doors is proposed by Mr. t.'oad in the
shape of a battery for tho generation of
electricity. This battery is worked bv
a new combination of chemical ingro
| dients not yet published, and tho cur
I rent produci .1 is transmitted directly by
I wires to tho lamps. The resulting
tlame is stated to be absolutely color
-1 leas and of great steadiness and perma
nence. At a recent trial a twenty-cell
imttery was charged and ut intervals of
I thirty hours between each exhibition a
j faultless light of nearly candles was
] yielded for al>ont a month without re
; plenishing.
Expensive Drugs.
There are two mail men in Milwaukee.
One is a bahl-headed man and tlu
other is a druggist. The bald man l< 11
,i doctor that his hair was falling out,
and asked hiiu if lie didn't know of
; something that would stop it. The
doctor said lie would fix him, so he
i wrote a prescription, which was as fol
lows :
Chloride <>r wlium, lo*.
Aqua I'lirs, . - - ho*.
HliaXe ui i| *nd nil> on th< evcrv morn
Tho bald man went to a druggist and
! had the prescription ptit up, paying a
, dollar and seventeen cents for it. He
| asked the druggist if it wasn't a little
l high, but felt ashamed when the drug
gist asked him if he knew how much
aqua pura cost a gallon. He said he
didn't, but *up]*>ft<sl it came high. The
druggist tohl him aqua pura was one of
the most |n netraiing drugs in the store,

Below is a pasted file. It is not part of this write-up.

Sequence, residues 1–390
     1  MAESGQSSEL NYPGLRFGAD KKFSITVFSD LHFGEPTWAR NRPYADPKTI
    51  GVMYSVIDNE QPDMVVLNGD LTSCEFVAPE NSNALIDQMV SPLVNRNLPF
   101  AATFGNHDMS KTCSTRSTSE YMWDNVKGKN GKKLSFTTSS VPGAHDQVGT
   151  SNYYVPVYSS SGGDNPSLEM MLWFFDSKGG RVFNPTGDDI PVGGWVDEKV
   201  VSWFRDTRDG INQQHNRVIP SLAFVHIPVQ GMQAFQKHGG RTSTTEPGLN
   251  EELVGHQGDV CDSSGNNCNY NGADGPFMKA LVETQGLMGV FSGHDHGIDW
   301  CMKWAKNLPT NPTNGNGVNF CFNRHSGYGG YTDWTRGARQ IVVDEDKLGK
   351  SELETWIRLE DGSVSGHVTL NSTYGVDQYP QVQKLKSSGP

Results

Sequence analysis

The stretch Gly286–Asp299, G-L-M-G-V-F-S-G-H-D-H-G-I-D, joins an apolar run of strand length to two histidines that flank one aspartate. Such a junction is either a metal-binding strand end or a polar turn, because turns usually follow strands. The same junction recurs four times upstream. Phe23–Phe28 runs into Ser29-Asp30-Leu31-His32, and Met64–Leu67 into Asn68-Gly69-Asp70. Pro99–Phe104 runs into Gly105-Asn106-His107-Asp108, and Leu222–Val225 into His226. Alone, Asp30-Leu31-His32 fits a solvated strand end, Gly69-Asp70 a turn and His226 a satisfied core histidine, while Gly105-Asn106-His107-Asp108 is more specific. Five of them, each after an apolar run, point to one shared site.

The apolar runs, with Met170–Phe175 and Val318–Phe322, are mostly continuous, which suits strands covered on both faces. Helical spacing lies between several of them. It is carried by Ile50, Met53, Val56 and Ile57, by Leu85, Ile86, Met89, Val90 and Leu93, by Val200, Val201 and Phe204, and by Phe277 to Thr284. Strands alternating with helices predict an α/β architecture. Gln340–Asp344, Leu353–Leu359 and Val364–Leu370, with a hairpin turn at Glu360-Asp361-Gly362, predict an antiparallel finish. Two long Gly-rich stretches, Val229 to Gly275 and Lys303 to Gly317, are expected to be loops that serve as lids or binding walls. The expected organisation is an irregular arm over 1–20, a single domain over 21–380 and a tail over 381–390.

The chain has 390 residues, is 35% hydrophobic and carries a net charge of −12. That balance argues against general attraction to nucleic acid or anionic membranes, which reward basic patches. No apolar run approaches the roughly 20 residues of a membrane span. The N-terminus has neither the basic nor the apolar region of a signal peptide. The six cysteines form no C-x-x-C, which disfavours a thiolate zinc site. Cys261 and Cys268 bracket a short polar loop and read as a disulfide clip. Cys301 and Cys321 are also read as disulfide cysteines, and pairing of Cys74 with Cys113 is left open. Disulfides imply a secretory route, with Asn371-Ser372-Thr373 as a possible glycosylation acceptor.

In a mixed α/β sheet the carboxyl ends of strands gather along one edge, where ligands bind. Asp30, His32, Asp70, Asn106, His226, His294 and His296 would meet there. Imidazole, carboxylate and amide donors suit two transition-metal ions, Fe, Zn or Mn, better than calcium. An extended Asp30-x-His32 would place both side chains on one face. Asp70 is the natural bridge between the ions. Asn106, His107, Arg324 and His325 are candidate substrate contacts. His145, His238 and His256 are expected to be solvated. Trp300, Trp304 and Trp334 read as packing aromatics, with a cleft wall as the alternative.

and as for • hloride of sodium, there was
nothing like it, and tho war in Peru
had sent it up kiting. Ho said if the
I trouble In Chili kept on there was no
knowing how- high it would be. The
laid man used the medi< ine, and felt a*
though it was doing him good. His
' wife noticed little new hairs rominr
out, and he felt good, i • when the stuff
was gone he took the bottle to the store
and hod it filled again. The chap who
filled it this time was another chap, and
when the bald-headed man threw down a
dollar the d rugger said: "Oh,never mind.
We won't charge you anything for that."
The lald man asked how that was,
| when the dnigger said "(Why. it's only
salt ami water, anyway. The salt is only
two cents a pound and the water is
pretty ehcap this year." The bald man
gave one ga*p, and said, " Well, by the
. great bald headed Elijah, 1 paid adol
| lar for filling that Iwttle before, and I
want my money Itock. It's a bald-loaded
I swindle. I thought that Peruvian story
didn't look plausible." The druggist
j gave the man a IKIX of cigars to keep
! still aliont it, but he won't speak to the
| other druggcr who charged him a dol-
I lar. -.lfi luxtukef Sun.
Large car* nan hear things in general,